As a Bruneian it might seem unimportant to you to think about drones. But with the right mindset even a subject so remote from you can change the way you think about your everyday life. Drones are essentially aircraft without pilots present in the aerial vehicle. They are instead controlled by ‘pilots’ from the ground in a remote location. In recent years, there has been a commercialization of drones by companies such as Amazon who are testing them for a new delivery system. However drones are used mainly for reconnaissance, surveillance, and warfare. By equipping drones with missiles and bombs, military strategy has become more efficient and it is possible to engage in warfare without being in the warzone. In many other fields, technology has made it easier to save lives (medicine), improve living (energy), or keep in touch (communication). In this field, technology has made it easier to kill.
Articles in Philosophy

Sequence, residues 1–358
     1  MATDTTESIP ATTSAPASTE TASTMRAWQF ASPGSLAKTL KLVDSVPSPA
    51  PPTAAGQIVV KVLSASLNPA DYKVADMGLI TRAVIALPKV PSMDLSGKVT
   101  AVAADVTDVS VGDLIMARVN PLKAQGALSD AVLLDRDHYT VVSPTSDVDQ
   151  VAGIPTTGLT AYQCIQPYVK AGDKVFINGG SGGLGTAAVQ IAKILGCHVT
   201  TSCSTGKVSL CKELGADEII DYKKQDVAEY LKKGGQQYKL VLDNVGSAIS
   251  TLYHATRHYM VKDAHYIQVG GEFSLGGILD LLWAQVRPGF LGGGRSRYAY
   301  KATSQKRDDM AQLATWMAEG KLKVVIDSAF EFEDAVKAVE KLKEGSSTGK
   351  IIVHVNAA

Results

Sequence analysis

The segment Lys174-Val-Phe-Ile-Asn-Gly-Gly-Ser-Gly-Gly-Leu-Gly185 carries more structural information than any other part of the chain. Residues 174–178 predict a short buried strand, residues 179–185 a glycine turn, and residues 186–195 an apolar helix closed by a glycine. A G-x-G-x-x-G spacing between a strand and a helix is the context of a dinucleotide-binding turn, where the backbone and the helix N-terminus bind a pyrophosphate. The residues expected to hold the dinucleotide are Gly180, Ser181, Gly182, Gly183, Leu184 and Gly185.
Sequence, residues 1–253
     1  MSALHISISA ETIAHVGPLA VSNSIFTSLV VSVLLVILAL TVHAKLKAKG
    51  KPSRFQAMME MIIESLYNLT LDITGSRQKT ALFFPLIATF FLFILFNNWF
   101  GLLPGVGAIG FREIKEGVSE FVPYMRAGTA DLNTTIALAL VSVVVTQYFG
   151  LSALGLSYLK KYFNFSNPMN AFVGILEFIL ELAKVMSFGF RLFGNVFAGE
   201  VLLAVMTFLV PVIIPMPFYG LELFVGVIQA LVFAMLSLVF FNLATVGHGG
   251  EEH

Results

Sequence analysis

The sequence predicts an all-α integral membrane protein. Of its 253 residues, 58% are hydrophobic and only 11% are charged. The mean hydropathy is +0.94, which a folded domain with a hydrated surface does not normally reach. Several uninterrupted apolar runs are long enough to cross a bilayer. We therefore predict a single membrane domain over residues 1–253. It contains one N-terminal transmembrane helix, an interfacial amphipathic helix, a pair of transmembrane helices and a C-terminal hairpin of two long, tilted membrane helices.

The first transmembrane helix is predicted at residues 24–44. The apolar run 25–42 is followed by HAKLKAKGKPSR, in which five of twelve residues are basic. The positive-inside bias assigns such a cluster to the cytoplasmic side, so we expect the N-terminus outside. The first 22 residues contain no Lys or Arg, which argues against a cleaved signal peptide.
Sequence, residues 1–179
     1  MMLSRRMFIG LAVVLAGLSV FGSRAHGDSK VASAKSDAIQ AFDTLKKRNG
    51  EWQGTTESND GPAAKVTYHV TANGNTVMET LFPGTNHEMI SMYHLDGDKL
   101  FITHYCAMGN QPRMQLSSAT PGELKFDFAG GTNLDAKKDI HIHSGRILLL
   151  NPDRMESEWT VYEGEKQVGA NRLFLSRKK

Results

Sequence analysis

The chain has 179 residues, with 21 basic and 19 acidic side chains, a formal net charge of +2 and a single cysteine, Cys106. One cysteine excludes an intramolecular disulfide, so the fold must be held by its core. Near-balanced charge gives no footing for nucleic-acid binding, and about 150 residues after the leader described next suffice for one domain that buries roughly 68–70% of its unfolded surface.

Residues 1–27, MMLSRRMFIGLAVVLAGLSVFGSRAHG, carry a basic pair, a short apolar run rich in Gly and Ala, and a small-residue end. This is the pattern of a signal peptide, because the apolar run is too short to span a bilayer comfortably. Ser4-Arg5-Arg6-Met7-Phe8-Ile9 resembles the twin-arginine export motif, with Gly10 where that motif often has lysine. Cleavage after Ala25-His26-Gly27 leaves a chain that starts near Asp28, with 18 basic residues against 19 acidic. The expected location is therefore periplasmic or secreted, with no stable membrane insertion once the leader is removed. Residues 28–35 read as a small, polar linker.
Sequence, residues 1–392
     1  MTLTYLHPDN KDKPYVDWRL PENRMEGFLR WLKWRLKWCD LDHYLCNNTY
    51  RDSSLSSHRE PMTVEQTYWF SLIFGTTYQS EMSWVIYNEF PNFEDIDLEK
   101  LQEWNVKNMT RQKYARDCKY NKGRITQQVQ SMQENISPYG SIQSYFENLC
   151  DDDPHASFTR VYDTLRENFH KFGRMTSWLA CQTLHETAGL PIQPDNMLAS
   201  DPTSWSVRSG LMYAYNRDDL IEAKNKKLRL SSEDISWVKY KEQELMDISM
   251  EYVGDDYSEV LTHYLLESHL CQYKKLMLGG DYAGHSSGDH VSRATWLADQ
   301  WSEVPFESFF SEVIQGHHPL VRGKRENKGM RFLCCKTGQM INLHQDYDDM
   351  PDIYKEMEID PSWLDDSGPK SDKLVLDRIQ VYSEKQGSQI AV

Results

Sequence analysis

The word kampung has its roots in the colonial times derived from the word camp as in site or an alteration on the word compound which, for some reason, dictionaries seem to describe as a Far Eastern or African term for an enclosure of residences. Kampung itself by definition is a small village or an area of rural residence – that is outside of the city and beyond the urban zone. I do not know if these terms apply to Brunei as decisive as these definitions seem to clarify but what I am trying to get at is the suggestion of a geographical ‘outside’ (of the city) and of the theoretical ‘other’ (than that of the centre).
A work of art can alienate if it remains an object of presentation perceived to belong on some unreachable plane. Unreachable in a sense that it is considered too highbrow or in the way it does not reach out and speak to the observer. Such misperception, that art is generally unreachable, can stem from both the artist and the observer.